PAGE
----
Researchers have discovered two new forms of salt ice that could change the fundamentals of chemistry forever. That’s quite a bold claim, I know, but based on the research showcased in a new paper featured in the Proceedings of the National Academy of Sciences, these two previously undiscovered forms of salt ice are going to shake things up quite a bit.
Salt and ice are two perfectly normal things and both exist on Earth in some fashion or another. However, out in space, other types of frozen water have always been a bit of a mystery. Take Jupiter’s moon Europa for instance. This moon is covered in a strange watery type of ice, which scientists have even said is more watery than expected. The reasoning behind that wateriness has always been a mysterious.
But, with the discovery of these two new forms of salt ice, that mystery could become a learning opportunity. According to the research, when subjected to higher pressures and lower temperatures than are found on Earth, the atoms in hydrated sodium chloride – a fancy name for salt water ice – will arrange themselves in structures unlike anything scientists had previously discovered.
The belief is that these two strange forms of salt ice could be the basis of the mysteriously watery ice that covers moons like Europa. Further, by studying the conditions needed to make this kind of salt water ice, scientists may be able to tell more about the atmospheres of planets and moons that are covered with this kind of material.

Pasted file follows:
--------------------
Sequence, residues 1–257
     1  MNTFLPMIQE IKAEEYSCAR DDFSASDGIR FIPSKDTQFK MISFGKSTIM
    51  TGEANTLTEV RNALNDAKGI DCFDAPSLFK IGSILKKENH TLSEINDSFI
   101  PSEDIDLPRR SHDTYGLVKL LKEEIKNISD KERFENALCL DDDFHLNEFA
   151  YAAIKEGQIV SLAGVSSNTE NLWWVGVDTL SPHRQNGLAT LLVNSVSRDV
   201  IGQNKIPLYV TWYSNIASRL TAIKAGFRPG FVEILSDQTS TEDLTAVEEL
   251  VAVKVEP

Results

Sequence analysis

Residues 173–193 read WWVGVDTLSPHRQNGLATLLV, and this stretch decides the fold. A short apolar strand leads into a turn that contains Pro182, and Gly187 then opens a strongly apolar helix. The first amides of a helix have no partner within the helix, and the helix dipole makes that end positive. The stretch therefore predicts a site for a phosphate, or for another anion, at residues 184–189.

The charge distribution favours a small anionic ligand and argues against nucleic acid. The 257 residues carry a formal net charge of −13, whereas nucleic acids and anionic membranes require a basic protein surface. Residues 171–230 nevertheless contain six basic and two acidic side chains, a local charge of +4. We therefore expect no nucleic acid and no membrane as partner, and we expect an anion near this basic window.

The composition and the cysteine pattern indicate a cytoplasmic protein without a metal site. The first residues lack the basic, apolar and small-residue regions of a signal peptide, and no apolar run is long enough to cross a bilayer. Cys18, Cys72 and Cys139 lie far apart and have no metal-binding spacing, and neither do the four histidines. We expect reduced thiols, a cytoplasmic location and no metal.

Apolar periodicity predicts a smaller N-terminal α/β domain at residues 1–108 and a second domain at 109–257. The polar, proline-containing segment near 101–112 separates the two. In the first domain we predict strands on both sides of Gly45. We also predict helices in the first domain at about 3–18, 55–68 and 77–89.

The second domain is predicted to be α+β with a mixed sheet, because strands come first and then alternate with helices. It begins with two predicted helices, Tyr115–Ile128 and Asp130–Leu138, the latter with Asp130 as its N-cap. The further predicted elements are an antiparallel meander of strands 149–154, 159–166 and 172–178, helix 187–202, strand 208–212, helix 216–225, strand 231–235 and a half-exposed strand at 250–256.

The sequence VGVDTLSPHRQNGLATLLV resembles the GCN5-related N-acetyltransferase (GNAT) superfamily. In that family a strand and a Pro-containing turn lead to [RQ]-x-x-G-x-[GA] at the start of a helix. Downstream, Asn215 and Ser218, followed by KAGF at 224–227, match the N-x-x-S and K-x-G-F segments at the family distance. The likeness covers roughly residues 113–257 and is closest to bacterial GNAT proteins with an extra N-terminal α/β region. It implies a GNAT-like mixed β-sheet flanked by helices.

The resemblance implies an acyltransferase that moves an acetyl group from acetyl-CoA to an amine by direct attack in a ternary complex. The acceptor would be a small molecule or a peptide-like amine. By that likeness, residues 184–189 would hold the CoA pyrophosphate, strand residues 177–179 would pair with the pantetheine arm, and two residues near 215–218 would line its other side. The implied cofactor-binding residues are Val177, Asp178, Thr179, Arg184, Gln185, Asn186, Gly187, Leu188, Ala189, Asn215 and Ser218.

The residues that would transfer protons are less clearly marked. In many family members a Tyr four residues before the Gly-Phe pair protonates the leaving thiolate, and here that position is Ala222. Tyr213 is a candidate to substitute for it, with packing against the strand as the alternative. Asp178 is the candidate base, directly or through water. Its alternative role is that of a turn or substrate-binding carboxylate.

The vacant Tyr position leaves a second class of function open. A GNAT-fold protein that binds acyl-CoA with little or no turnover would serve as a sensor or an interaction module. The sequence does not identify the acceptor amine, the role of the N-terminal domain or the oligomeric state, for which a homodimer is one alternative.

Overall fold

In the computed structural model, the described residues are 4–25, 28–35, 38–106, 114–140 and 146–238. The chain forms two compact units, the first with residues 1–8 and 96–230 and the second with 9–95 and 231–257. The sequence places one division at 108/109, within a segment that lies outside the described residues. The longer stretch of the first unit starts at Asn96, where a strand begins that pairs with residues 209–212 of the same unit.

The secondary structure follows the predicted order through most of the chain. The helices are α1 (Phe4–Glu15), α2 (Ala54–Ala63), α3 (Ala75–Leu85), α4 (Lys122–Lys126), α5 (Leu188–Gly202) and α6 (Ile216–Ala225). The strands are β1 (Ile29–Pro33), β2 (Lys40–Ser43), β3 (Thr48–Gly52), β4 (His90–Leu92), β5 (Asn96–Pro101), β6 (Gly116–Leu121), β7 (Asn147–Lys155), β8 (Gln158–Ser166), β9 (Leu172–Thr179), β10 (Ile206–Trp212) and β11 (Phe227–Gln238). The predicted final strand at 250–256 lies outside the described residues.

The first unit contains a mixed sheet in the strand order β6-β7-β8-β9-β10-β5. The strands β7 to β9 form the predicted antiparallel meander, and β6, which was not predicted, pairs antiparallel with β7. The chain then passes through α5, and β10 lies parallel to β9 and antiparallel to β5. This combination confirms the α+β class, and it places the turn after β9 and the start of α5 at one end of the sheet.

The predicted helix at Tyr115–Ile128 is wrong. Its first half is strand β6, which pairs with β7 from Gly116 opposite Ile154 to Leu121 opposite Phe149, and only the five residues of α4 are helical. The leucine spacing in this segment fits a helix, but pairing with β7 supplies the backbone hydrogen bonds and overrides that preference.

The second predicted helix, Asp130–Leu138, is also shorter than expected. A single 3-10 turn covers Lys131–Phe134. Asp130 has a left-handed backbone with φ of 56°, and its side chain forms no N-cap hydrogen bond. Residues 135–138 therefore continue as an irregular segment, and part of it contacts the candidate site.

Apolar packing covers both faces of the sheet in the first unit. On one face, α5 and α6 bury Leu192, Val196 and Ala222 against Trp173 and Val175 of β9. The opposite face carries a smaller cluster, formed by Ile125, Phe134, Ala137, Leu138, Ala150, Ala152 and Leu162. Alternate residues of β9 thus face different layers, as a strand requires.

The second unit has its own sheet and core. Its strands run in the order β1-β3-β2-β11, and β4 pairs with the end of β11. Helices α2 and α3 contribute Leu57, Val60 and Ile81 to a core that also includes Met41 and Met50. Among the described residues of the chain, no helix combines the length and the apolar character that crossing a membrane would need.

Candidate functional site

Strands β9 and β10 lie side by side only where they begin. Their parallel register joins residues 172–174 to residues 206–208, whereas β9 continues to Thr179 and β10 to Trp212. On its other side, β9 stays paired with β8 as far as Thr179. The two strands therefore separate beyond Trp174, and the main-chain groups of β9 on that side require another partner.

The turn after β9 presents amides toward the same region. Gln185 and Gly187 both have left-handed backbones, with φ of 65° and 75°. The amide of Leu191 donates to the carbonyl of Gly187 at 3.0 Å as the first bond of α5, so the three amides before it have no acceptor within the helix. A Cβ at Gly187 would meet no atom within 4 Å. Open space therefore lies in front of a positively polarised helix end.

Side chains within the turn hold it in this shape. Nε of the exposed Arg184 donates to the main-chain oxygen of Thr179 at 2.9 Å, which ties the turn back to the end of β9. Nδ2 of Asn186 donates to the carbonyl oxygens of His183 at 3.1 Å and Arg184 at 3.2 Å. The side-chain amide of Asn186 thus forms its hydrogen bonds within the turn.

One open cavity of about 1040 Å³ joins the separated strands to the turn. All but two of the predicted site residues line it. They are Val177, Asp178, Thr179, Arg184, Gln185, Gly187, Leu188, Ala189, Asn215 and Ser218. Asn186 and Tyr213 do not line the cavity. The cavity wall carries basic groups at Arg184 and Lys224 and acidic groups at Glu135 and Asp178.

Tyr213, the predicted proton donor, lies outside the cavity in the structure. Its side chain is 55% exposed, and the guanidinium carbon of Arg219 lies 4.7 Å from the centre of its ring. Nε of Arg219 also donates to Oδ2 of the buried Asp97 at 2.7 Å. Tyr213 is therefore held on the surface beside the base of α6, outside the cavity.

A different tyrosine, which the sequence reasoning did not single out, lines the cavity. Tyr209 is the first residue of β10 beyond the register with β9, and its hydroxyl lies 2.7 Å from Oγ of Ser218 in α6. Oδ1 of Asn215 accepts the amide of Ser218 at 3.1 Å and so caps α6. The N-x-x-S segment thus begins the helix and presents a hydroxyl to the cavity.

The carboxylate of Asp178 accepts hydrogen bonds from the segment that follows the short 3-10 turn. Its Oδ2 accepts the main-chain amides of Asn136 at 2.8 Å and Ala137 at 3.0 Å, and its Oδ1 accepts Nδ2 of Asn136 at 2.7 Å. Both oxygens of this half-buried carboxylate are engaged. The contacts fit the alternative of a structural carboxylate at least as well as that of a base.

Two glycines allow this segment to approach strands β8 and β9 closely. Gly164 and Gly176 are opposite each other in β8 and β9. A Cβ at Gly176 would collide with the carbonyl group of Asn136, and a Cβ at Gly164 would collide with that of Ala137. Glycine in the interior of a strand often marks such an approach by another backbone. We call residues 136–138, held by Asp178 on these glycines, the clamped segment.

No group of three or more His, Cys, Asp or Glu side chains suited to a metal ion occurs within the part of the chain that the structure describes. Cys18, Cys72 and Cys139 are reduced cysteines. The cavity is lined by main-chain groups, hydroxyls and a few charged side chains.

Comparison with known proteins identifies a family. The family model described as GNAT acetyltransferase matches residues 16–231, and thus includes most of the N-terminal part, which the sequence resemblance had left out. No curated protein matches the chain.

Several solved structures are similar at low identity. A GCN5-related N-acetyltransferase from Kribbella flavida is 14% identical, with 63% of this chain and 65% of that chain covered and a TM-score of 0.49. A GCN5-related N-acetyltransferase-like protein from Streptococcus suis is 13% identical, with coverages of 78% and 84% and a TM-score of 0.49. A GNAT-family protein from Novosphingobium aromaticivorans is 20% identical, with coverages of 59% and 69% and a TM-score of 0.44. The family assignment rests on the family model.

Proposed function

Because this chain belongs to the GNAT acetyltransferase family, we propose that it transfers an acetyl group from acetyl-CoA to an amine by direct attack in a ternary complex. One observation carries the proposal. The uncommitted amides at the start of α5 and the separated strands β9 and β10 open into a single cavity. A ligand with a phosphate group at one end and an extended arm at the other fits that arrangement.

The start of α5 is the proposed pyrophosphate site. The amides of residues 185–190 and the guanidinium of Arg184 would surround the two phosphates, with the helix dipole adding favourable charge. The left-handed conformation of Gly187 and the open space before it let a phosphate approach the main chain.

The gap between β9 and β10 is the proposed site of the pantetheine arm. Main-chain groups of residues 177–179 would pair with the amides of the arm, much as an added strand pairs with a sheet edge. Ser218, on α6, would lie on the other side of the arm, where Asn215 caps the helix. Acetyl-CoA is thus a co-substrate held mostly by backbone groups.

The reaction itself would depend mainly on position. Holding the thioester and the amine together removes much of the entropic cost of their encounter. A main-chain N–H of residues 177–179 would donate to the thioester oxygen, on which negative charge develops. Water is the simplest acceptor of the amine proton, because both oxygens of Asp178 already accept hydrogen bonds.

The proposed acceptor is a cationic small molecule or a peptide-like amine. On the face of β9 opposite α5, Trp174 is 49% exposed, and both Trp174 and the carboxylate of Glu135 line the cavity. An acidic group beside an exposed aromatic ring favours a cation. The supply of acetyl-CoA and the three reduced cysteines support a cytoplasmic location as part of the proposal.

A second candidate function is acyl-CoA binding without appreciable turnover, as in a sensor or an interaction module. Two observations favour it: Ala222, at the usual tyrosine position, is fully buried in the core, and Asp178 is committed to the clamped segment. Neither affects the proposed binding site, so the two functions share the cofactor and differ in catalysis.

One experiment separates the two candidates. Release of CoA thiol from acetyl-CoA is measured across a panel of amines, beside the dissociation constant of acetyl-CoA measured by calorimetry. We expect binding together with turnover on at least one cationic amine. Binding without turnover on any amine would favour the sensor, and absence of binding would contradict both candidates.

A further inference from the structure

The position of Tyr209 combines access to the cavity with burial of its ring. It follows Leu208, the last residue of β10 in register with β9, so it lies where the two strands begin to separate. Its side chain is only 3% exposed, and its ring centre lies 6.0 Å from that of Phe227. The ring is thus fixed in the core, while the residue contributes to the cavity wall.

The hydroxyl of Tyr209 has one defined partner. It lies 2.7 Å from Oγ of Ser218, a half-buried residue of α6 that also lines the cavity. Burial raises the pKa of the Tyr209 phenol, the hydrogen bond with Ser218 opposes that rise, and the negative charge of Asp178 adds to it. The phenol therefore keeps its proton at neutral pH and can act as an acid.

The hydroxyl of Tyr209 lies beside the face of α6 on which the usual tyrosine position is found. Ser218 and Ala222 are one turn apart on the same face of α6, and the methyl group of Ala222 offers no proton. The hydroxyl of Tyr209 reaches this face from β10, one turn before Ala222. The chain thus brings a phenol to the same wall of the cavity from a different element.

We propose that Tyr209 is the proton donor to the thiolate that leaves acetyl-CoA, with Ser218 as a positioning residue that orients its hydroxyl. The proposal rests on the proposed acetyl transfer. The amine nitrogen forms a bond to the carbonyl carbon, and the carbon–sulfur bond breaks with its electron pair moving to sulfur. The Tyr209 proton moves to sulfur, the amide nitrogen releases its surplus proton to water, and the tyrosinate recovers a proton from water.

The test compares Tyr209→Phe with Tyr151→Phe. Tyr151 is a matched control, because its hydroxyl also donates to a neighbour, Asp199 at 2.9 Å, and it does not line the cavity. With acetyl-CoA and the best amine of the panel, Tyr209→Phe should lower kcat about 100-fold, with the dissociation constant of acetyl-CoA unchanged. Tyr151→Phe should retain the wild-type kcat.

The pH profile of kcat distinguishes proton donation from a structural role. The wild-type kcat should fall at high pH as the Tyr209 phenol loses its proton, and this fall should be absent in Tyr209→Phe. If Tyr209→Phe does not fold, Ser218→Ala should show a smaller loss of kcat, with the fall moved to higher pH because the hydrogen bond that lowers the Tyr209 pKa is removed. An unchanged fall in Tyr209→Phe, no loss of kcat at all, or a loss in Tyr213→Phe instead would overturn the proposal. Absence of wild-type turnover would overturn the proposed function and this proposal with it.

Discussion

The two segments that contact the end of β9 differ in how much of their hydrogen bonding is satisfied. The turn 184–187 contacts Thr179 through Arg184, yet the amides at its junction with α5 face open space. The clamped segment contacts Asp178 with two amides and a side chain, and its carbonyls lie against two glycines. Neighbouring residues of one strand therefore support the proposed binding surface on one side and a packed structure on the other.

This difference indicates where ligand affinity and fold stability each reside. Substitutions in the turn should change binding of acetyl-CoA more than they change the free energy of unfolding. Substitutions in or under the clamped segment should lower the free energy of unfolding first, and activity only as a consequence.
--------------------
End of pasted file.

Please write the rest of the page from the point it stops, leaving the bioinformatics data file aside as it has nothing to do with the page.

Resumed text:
Therefore, the discovery has the possibility of changing some of our fundamentals of chemistry, as least as far as how hydrated sodium chloride reacts under pressure and colder temperatures. Normally salt works as a natural kind of antifreeze – that’s why some cities put salt on the roads before an icy storm. It lowers the freezing point of the water, allowing it to stay liquidy longer.
This same concept appears to be on display on Europa and other similar moons. As such, being able to point at these two new forms of salt ice and study them better has the potential to open new doors of understanding how our solar system’s moons came to be and even offer a better understanding of cosmic ice.
With NASA already planning missions to Europa, and the JUNO spacecraft already returning stunning images of Europa captured by the spacecraft, perhaps having this information on hand could help scientists better prepare for a proper mission to explore the surface of the moon.